The chairman of the House Ways and Means Committee on Thursday said the newly-signed law imposing additional excise taxes on alcoholic beverages and e-cigarettes would save thousands of lives due to healthier consumption of products.
Albay Rep. Joey Salceda made the statement as he lauded President Rodrigo Duterte for signing the “lifesaving” law, which would also provide enhanced funding for universal health care (UHC).
“Once again, the President acted decisively for the public interest. Alcohol alone accounts for as many as 10,372 road crashes every year. Based on anecdotal evidence from the PGH (Philippine General Hospital), the number is probably bigger, as they claim that about 50 percent of all vehicular accident cases that they treat have some alcohol involved.” Salceda said.
Salceda said alcoholism is linked with about 40 main diseases, including liver cirrhosis, cancer, pancreatic disease, hypertensive disease, tuberculosis, diabetes, and mental diseases.
Citing 2016 data of the World Health Organization, he said some 4,431 per 100,000 population of Filipinos died from liver cirrhosis; 16,418 from hypertensive diseases; and 8,526 from tuberculosis – all linked to excessive use of alcohol.
“Surely, any move that reduces average national consumption is good news,” Salceda said.
He also cited a 2010 study by British medical experts David J. Nutt, Leslie A. King, Lawrence D. Phillips, which considered alcohol among the most socially-harmful substances because it is linked with vehicular accidents, violence against women and children, and other acts of imprudence and violence.
Salceda noted that the preliminary estimates from the Department of Finance (DOF) indicate that alcohol may have an economic cost of as much as 1.7 percent of GDP every year, equivalent to about a third of the country’s annual health expenditure.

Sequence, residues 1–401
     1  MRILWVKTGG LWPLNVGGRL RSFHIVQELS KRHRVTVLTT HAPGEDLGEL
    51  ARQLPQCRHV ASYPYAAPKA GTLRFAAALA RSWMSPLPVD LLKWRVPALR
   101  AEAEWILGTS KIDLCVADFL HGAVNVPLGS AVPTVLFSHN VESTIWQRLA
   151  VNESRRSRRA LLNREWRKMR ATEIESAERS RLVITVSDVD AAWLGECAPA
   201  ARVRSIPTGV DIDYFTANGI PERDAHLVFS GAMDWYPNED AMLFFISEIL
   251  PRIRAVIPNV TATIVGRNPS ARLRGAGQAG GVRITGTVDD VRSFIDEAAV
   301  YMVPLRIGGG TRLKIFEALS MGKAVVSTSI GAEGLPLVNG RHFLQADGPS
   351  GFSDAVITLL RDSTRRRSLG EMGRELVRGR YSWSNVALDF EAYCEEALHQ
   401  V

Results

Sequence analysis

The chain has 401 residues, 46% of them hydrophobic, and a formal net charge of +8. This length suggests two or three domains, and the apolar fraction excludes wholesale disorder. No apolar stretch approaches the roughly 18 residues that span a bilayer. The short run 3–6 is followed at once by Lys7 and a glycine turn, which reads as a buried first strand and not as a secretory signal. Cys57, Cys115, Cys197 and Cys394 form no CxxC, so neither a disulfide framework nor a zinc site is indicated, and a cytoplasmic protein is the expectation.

“My own estimates come somewhere closer to 2.0 percent of GDP when you account for lost productivity on those who did not use alcohol but were somehow harmed by someone who was under the influence of alcohol,” he said.
“If you could recover all of that, theoretically we could be growing by 8 to 9 percent every year, not to mention we would be healthier,” he added.
Salceda also welcomed the increase in excise taxes on e-cigarettes.
“Precautionary principle dictates that we should have taxed it higher and regulated it more closely the first time we taxed it because it was a new product with little clinical examination. As soon as I became Chair, I moved to correct the problem. I’m glad President Duterte fully agrees.” Salceda said.
He also noted that while the law made alcohol less affordable, it did not change the country’s ranking on the cheapness of the product in the Asean region.
“At some point in the future, of course, we will have to review the alcohol taxes. I’m bullish about Philippine growth, and with growth comes purchasing power… And the more the average Filipino earns in the next few years, the more affordable alcohol will become. Natural naman sa (It is just natural in) policymaking ang openness to future evaluation,” Salceda said.
“For now, let’s celebrate this win for the people. Tomorrow, I will begin taking concrete steps to help make the implementation of UHC more effective and impactful.” Salceda said.
The Finance department has estimated that the higher taxes on alcohol beverages and e-cigarettes would yield PHP47.9 billion for the UHC program next year, and a total of PHP356.9 billion for the program over the next five years. (PNA)